By Aja Cooper, Staff Writer
Published in print Sept.24, 2014
UNCG has become well known for its esteemed business program. Helping shape tomorrow’s next great businessmen and women, UNCG has taken an extra step to cater to those seeking to start their own business.
The North Carolina Entrepreneurship Center at UNCG is currently sponsoring the Entrepreneurial Journeys Speaker Series, bringing local, national and international entrepreneurs to share their stories with students as well as advice on how to achieve having a successful business.
On Wednesday, September 17, the series welcomed its first guest speakers, Michael Strong, CEO of KhabeleStrong Incubator and FLOW and Magatte Wade, CEO of Tiossan. The husband and wife duo spoke about their entrepreneurial journeys, the ways in which they’ve incorporated their passions as well as what they learned along the way.
Michael Strong shared with the audience that it was after discovering St. John’s College in Santa Fe, New Mexico as a high school student that he fell in love with the Socratic Seminar teaching method. Having been accepted into Harvard University, Strong attended for a brief amount of time and then left to become a student at St. John’s where he and his peers would be able to think and talk about their ideas.
While in Chicago for graduate school, Strong went into inner city schools where he led Socratic Seminars and it was when he saw the student’s passion for this way of learning that realized what he wanted to do. Strong went on to train other teachers as well as open schools of his own. These schools were innovative schools based on Socratic inquiry.
“I created schools where kids would want to come evenings, weekends [and] they hated summer break because they were apart from school, where kids performed well and loved it,” said Strong.
Strong teamed up with John Mackey, co-CEO of Whole Foods Markets and worked to create FLOW, an organization that focuses on the way the free flow of goods, capital, services and people will help accelerate human progress and well-being. A spin-off of FLOW was Accelerating Women Entrepreneurs, shining a light on developing world women entrepreneurs. Strong shared that it was through this venture that he met his wife, Magatte.
Magatte Wade, a native of Senegal, Africa made it her first priority to begin her presentation by sharing her purpose in life with the audience. Wade shared that she wants to contribute to the change of the perception of Africans and Black non-Africans, black people. She mentioned the billboards she sees in airports as she travels the world that are seeking to raise money for Malaria, hunger and children who have grown up without fathers. The commonality Wade has found amongst all of these advertisements is that they are all advertised with a Black face.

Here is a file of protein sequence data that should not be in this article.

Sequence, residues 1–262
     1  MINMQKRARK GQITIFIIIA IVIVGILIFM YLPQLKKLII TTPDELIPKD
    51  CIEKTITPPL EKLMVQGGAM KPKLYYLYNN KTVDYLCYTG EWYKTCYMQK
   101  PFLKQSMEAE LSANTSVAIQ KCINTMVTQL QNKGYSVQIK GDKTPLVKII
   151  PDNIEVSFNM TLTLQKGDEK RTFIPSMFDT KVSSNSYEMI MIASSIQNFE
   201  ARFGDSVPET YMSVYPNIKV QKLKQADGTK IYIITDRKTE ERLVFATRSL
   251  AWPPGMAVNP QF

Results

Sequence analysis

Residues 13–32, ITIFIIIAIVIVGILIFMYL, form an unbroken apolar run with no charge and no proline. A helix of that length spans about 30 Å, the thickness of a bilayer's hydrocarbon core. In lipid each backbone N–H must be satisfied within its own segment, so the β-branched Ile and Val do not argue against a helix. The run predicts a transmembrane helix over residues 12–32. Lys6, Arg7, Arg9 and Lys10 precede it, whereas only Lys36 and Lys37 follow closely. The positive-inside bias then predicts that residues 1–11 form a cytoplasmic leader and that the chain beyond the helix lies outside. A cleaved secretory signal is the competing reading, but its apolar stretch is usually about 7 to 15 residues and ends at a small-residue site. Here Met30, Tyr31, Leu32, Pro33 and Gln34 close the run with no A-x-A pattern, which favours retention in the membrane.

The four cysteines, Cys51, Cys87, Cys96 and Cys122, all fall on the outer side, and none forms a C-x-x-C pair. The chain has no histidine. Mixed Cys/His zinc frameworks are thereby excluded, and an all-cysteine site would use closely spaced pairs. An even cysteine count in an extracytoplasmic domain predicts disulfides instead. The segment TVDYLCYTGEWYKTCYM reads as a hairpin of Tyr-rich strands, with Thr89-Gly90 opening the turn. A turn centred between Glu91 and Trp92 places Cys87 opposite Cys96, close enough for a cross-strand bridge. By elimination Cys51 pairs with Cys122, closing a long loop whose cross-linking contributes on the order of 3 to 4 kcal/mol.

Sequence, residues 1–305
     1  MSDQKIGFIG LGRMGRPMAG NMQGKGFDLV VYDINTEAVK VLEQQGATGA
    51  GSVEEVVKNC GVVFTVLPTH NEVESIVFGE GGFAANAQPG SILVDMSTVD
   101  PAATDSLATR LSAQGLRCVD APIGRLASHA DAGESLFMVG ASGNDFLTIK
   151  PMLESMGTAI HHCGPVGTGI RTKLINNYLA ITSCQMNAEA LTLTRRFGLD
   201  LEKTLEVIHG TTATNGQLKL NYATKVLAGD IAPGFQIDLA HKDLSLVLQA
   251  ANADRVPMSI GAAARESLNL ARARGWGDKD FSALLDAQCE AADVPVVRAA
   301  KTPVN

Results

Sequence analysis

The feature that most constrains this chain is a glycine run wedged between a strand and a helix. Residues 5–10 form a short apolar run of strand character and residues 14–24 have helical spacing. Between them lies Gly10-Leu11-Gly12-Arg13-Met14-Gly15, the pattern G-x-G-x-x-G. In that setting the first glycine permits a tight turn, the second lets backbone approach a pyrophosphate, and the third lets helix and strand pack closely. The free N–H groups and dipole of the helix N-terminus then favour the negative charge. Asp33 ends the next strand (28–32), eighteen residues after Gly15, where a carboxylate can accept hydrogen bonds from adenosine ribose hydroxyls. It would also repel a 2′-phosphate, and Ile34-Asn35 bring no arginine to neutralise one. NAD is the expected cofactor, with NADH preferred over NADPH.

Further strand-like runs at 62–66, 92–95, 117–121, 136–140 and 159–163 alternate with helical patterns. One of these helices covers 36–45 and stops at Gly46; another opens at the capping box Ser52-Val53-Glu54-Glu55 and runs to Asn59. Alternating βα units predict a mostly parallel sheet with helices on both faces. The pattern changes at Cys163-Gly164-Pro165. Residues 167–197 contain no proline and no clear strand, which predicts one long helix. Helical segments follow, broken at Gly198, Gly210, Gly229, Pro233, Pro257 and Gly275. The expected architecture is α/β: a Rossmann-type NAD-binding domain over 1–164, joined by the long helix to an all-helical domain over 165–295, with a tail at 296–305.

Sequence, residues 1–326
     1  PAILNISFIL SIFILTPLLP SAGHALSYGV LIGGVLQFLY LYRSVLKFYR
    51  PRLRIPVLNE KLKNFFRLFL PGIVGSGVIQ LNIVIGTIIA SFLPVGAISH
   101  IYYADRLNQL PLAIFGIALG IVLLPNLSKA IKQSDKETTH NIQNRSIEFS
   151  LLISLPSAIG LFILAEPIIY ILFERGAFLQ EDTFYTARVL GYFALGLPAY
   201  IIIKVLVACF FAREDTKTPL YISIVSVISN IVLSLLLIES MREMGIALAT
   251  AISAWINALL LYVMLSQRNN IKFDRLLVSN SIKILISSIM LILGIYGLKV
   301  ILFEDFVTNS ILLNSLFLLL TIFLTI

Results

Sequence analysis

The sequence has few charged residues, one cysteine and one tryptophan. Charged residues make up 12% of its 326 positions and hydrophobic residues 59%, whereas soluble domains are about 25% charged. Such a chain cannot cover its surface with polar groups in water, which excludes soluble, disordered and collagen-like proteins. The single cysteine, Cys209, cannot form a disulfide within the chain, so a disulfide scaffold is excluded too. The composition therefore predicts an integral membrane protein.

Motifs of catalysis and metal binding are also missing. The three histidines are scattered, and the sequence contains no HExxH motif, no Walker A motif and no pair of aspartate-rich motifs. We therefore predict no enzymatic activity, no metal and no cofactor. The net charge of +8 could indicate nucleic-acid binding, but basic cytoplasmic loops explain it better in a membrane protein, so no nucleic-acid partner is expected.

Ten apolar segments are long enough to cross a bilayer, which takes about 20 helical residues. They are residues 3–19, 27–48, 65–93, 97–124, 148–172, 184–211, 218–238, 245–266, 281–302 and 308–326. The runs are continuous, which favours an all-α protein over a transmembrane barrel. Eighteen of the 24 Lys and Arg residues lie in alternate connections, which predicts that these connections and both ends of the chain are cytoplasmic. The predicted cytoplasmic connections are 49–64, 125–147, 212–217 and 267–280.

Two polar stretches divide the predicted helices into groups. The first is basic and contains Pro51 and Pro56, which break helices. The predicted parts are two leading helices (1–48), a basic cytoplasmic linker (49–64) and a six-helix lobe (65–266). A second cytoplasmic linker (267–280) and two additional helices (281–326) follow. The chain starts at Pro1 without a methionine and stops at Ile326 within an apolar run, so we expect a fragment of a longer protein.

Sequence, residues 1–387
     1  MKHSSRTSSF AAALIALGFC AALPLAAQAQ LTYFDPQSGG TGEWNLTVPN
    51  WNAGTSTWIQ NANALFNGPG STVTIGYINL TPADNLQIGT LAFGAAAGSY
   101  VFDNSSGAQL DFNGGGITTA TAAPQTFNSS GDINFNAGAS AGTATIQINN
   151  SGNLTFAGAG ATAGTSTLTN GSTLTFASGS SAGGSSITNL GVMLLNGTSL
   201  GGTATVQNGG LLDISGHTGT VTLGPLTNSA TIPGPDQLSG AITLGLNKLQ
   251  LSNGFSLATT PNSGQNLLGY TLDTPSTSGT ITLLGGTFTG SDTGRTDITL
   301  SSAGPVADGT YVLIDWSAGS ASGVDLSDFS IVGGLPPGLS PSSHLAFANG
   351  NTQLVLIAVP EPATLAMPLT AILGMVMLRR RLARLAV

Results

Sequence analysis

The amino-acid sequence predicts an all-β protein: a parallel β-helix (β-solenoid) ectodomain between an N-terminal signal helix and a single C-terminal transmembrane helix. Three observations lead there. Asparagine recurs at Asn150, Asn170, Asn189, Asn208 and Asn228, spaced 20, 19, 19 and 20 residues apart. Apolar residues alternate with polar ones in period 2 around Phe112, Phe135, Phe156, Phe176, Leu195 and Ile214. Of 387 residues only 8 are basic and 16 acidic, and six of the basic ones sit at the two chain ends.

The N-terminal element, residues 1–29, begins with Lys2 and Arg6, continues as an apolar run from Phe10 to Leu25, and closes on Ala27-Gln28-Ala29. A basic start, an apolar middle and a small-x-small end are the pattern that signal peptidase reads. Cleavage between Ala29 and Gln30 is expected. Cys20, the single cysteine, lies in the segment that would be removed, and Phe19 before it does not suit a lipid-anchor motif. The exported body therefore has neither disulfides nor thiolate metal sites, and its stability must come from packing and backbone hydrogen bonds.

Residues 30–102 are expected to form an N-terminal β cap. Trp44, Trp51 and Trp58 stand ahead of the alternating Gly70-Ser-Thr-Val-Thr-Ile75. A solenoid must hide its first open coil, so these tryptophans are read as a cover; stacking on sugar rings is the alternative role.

“We’re sending these messages often that black means problems and especially Africa means diseases, wars, corruption, you name it,” Wade stated that because of this, it is to no surprise that people believe this to be the reality of Africa. She related these correlations as results of branding. As she travels the world and speaks to the youth of various countries, they all say that if they could go anywhere in the world they would travel to America for its brands. Levi, Victoria’s Secret, Coca-Cola are all names that are internationally known and have been transpired as the culture of America.
Wade has identified consumer brands as a powerful tool that she can use to invite people into her culture and also cause them to inquire about her culture. Wade first did this with creating a beverage made with hibiscus and other natural ingredients. A main ingredient found in the products of her Tiossan skin care line is black seed oil. Members of Wade’s culture believe that black seed oil can cure everything except death. Black seed oil is also being researched for it’s being a very potent ingredient in the fighting of cancer.
Incorporating her country’s culture and traditions into her products, Wade is able to create a bridge between Senegal and those outside of Africa. Currently starting a skin care line based on the knowledge of the traditional healers of Senegal, Wade is creating a product that can be used on the skin of people of all ethnicities.
“Even here in America, I would love to start seeing some really, really cool African American brands that are not just for African Americans. Because if you want to matter, you have to matter to everyone,” Wade said as she scanned the crowd. “It cannot just be about, ‘it’s our little clan.’ If you’re a little clan, I’m sorry, you’re a ghetto…I’m using the word “ghetto” as in ‘you’re in a box.’ If you don’t want to be considered as a minority, then don’t behave as a minority. Open yourself to others and open yourself to others with love.”
As the first speakers of the Entrepreneurial Journey Speakers Series, Strong and Wade left lasting impressions on those seeking advice about how to be a successful business owner no matter what stage you are at.
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